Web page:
Corruption within the Wollongong taxi industry has been enormously down-played, according to a local taxi driver. A number of incidents where drivers have acted inappropriately have not been dealt with by Wollongong Radio Cabs or its governing body, NSW Taxi Council, says the source, who did not wish to be named.
“It’s ludicrous, the things that happen,” says the source, who has been driving taxis in Wollongong for a number of years.
“The stories that you hear of drivers assaulting passengers, drivers being rude, uncooperative or overcharging. I've had young blokes in the car tell me they've been dragged out of taxis and bashed. Stuff like that. I've had a girl in the car who told me that she was driven to a remote spot and the driver tried to sexually assault her. Now whether this is true or not, I don't know. The thing is, if it gets reported…what would happen? Swept under the carpet,” says the source.
Other incidents involving fraud have also been dealt with poorly, he says.
“One guy in Corrimal got done for 286 counts of fraud,” says the source. He is referring to Mohamad Matar, a former taxi owner who used fraudulent Taxi Transport Subsidy Scheme vouchers in the name of a deceased hospital patient in 2005.
“He's still got about ten plates I hear,” says the source, “They're spread between his relatives and wife and so he's basically still running it from Corrimal. They took his license from him, but he's still running the business. It's as if it doesn't make any difference, except he can't drive a taxi. It's crazy, the stuff they get away with.”
In the taxi industry in Wollongong it’s all about who you know, the source says.
“Here's a classic story. One taxi driver, he's getting a lot of jobs. All the other taxi drivers are sitting on the rank, they're not working. He's whizzing past doing all these jobs all the time, all day! He's making two to three times as much as everyone else,” he says.
“Then they find out he's in with one of the operators. So when a good job comes through, the operator was just texting him the address and then he's going to get it and he's making a fortune. That person is still working at the base!”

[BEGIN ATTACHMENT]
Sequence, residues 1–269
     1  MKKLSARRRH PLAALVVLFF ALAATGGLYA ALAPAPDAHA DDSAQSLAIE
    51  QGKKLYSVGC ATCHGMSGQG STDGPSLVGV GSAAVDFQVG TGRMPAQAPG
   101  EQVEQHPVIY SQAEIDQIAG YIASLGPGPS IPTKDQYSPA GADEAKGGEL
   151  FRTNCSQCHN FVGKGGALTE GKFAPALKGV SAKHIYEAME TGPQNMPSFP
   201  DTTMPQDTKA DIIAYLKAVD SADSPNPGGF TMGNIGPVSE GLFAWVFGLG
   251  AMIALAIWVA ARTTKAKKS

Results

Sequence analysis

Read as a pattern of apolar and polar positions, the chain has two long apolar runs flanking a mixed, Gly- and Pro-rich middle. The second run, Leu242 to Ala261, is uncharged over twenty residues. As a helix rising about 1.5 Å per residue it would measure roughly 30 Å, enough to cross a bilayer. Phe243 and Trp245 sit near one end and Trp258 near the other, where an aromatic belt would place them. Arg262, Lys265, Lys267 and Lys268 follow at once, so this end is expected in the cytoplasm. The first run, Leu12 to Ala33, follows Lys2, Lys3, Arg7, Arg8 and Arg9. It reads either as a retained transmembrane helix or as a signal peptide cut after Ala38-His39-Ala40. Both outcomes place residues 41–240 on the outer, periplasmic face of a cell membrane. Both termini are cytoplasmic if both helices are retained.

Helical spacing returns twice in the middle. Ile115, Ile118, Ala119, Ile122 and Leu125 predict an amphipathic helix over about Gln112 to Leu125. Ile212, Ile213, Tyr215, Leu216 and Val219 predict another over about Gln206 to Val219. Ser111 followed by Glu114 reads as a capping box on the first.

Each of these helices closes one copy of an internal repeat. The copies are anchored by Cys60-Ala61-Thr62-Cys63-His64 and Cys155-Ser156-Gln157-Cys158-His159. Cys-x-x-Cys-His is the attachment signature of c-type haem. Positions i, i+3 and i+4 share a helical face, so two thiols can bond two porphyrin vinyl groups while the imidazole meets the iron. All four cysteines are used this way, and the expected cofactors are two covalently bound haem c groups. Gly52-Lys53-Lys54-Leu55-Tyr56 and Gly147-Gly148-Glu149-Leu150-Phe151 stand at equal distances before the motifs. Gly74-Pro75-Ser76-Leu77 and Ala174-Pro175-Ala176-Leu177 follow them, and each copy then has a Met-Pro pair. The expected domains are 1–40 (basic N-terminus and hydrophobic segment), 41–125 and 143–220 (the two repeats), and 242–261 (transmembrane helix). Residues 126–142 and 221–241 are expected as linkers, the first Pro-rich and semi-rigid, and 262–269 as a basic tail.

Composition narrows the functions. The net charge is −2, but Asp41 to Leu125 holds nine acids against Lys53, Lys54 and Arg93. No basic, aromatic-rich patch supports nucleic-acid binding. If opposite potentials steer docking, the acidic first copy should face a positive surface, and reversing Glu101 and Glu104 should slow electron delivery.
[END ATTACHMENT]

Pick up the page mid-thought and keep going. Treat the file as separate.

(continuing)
There are times when good jobs are few and far between, says the source, who has sat at a rank for up to four-and-a-half hours during a shift.
“On Tuesday night I went out and made $60. That was it. You get no holiday pay, no superannuation and no sick pay. You do the maths.”
In Wollongong, drivers pay the owners of the taxi 50% of what they make during a shift. The taxi owners pays for the upkeep of the taxi and fuel costs. To be a taxi owner, a person must buy a set of plates, which are around $240,000, then they can lease, or ‘bail’ the taxi out to drivers. Some owners choose to become drivers, whilst others have nothing to do with the industry and treat the plates as an investment.
“There's a group of director's, I think there's seven,” says the source. “They're on the road, so if something happens, you're supposed to be able to approach a director and report it. But, depending on who you get, I mean, they just don't do anything.”
Recently, a driver was caught using Department of Education vouchers fraudulently, says the source. The driver routinely drove a child to school who received subsidised fares from the Department of Education. The source says that the driver would fill in the vouchers even when the child was sick and wasn’t going to school.
“He drove the route every day and put in the dockets,” says the source. “Got caught, but nothing's happened. He got removed from doing those jobs, but he's still driving. I saw him on the rank last night!”
In order to combat the problem of corruption within the Wollongong taxi industry, the source says that the base needs to be separate from the local area.
“They could have the base in Sydney, it doesn't have to be here. It doesn't have to be employing local people, or relatives of people that are driving taxis. Then it’ll be a fair system,” he says.
The new job allocation system, MT Data, helps with making call-in jobs fairer, but for pre-booked jobs, there’s still a problem.
“I'm thinking about it now. If I worked in the base and my brother worked out in the taxi and I could see a job's going from Figtree to Mascot tomorrow morning, I’d probably do it myself! I'd tell him. The only way they can stop the corruption is to remove the base from the area,” says the source.
He also suggests that the way that complaints are reported needs to be re-evaluated.
“There needs to be an independent body of people looking at the complaint. Not these relatives or friends. If I put a complaint in against someone, it could be a brother of one of the directors that's looking at the complaint. How fair's that?”
He suggests that The NSW Roads and Maritime Services needs to look at complaints independently, or allocate a group to do so. He believes this will improve the fairness of job allocation and stop complaints against drivers being swept under the carpet.
“Taxi drivers are supposed to be honest, but all I see is corruption thriving,” says the source.